|Some of Zach's PCT shoes|
Who’s ready for a post from early 2015? I discovered this while digging through unfinished blog material, and decided that the topic was still quite relevant. Seriously, the last time I was in REI, it took all my self-control to keep from running into the shoe section and yelling at the people trying on boots (like a soothsayer in a Shakespearean play), “NO! Touch not the dreaded boots of lead! I promise you, you shall regret this!”
So, here’s why.
Zach and I had stopped to gather water at a backcountry camp in Yosemite National Park. While I attempted to dip water from the shallow bank of a stream without trampling the fragile aquatic ecosystem, and Zach beat off hordes of mosquitoes with his hat, we were approached by an older couple who had hiked into the camp for a weekend with their grandchildren. They chatted with us for a while, asking about the trail and congratulating us for making it this far. Then, glancing at our footwear, they asked the question that we were asked countless times on trail:
“Are those really the shoes you’re wearing?”
People in towns, at trailheads, and even people on longer-distance trails (100 to 200 miles) almost always wore and advocated hiking boots. In town, we were often given advice on how to properly lace our boots, or how often to change our socks to keep the awful heavy leather footwear from rubbing us raw. We’d listen politely, trying not to draw attention to our well-worn trail runners— which are, in essence, glorified sneakers.
|Please note: jeans, unlike tennis shoes, are not good for hiking!|
I nodded, but all I could think was, Support for what? Although I’m sure there are situations in which hiking boots would be useful (although I can’t offhand think of any), I would prefer lightweight shoes any day.
Here are the two main objections people have to trail runners:
There’s not enough support! Actually, human feet are designed very, very well— they have all the support they need. If you have a normal foot, your arch and ankles will be just fine supporting themselves. Shoes are mainly there to protect your soles from rocks, hot sand, and cactus spines.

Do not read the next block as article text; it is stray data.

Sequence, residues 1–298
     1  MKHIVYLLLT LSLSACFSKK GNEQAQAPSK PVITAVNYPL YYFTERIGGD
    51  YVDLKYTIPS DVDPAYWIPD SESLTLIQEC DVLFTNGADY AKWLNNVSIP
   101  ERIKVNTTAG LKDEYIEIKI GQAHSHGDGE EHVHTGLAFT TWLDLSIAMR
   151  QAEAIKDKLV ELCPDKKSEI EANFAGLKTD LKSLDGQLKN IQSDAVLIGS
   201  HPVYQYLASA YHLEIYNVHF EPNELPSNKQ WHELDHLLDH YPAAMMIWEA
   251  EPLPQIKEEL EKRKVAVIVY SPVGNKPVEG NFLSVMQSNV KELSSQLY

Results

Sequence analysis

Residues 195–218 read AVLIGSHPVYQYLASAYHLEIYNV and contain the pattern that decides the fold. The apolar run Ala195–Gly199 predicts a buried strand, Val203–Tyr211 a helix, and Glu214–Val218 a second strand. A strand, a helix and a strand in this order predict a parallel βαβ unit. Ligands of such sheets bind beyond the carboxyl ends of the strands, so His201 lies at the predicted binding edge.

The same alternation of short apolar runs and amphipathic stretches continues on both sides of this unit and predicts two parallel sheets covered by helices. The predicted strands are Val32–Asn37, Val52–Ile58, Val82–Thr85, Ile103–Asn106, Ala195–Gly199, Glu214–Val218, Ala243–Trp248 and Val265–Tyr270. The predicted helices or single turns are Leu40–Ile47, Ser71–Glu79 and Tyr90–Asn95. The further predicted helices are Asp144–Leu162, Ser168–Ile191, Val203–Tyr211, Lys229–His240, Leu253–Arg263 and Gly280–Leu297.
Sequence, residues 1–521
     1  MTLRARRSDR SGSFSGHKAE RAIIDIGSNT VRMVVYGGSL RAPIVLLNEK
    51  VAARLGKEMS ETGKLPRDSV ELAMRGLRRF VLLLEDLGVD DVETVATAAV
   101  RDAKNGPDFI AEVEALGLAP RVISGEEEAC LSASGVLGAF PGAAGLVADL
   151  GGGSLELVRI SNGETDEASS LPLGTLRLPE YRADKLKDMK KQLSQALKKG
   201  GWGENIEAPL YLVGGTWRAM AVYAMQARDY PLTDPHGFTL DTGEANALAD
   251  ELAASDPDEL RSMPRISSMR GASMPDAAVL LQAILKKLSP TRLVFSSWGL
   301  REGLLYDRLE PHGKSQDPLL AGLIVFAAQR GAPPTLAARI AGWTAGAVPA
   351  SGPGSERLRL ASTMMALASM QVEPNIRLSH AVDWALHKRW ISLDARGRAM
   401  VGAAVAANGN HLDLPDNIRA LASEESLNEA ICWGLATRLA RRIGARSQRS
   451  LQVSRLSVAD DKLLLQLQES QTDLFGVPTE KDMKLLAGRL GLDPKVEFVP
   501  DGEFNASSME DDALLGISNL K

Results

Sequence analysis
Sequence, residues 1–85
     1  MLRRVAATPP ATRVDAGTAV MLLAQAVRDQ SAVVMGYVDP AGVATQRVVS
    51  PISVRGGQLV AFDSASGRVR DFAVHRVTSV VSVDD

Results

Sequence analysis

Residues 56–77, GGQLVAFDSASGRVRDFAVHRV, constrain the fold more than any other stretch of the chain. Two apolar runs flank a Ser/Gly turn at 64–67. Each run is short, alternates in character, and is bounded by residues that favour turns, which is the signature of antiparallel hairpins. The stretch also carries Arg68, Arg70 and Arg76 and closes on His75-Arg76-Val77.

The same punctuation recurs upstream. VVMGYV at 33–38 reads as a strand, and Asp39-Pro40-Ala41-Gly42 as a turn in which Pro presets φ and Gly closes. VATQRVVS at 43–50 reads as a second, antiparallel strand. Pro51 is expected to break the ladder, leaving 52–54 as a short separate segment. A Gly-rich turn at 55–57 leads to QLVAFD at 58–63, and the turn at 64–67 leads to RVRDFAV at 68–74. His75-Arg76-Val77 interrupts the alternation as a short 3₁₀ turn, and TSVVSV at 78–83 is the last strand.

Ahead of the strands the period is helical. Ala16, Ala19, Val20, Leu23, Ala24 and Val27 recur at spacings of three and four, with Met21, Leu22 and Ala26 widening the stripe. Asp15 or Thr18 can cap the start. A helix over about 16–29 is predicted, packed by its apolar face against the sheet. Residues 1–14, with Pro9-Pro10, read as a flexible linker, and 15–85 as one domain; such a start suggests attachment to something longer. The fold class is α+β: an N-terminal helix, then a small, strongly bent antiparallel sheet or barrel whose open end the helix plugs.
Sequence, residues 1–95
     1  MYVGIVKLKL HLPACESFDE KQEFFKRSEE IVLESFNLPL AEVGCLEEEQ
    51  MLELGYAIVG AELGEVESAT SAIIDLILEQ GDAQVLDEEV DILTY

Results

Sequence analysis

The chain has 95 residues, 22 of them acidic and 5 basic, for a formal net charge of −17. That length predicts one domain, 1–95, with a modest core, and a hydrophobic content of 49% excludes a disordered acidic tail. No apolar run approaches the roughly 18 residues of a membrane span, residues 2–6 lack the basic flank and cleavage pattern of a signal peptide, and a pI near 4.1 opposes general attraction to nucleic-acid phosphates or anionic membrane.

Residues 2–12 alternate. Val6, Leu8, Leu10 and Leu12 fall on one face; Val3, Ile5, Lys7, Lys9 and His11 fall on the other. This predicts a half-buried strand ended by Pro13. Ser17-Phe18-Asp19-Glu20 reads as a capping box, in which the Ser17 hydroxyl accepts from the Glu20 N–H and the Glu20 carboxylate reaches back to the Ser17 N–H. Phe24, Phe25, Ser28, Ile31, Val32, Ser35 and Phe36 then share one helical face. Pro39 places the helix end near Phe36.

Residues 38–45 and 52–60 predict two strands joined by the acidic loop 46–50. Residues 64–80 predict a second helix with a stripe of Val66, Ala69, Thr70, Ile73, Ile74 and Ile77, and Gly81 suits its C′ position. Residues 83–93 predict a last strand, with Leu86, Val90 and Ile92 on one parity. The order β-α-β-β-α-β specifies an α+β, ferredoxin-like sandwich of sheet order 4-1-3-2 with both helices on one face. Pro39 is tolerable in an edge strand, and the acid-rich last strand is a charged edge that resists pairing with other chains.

Trail runners don’t offer enough protection! I can see this one… a little bit. I was annoyed that dust often leaked into my trail runners, which boots will prevent. And sometimes, when I was post-holing through snow, I wished that I had higher-top shoes that wouldn’t allow snow in so easily. But honestly, in each of these situations, the tradeoff of flexibility and weight was well worth it. Other than snow and dust, I don’t know what “protection” people are talking about in such grave tones. A boot will not keep you from breaking your ankle, or tripping on a rock (actually, you’re more likely to trip with a boot), or getting bit by a rattlesnake.
I still say the advantages far outweigh the disadvantages, with the advantages being:
1. Weight. In backpacking, you count every ounce, so why should shoes be an exception? The one day on trail that I hiked with boots, every step was a struggle. Once I put my trail runners back on, I felt like I was flying. Unless you’re really into resistance training, do yourself a favor and ditch those leaden boots.
2. Price. Trail runners are, in general, cheaper than boots. If you can find them on sale, you can buy an excellent pair for a very reasonable price.
3. Breathability. Blisters are often caused by sweat, and if your foot is in a boot, you will be sweating a lot! Also, if your boot is leather, you sometimes can’t take it off in the middle of a hike because your swollen feet won’t fit back inside. In contrast, trail runners allow your foot to breathe, and they’re easy to slip on and off to give your feet a chance to air out.
4. Multipurpose uses. I wear my trail runners in everyday life— they look like normal sneakers and are great for walks around town, working in the garden, short hikes, walking around horse stables, and, of course, if I was into it, trail running!
5. Flexibility. The point of a hiking boot is to put a stiff, heavy sole between you and the ground, which translates into your foot always being flat. With a lighter shoe (which still has a pretty thick sole), you can feel the ground and keep your balance better, as well as let your foot curve and move more naturally as you walk over rocks. It’s not good for a foot to walk flat all the time. In Oregon, where the trail is flat and smooth most of the time, my feet were starting to kill me. After a day of walking over lava rocks, they were perfectly fine! Trail runners allow your feet to stretch, bend, and move— which is what feet are supposed to do in the first place.
So, if you’re considering buying yourself a pair of hiking boots, do yourself a favor and buy some trail runners instead. Your feet and your body will thank you!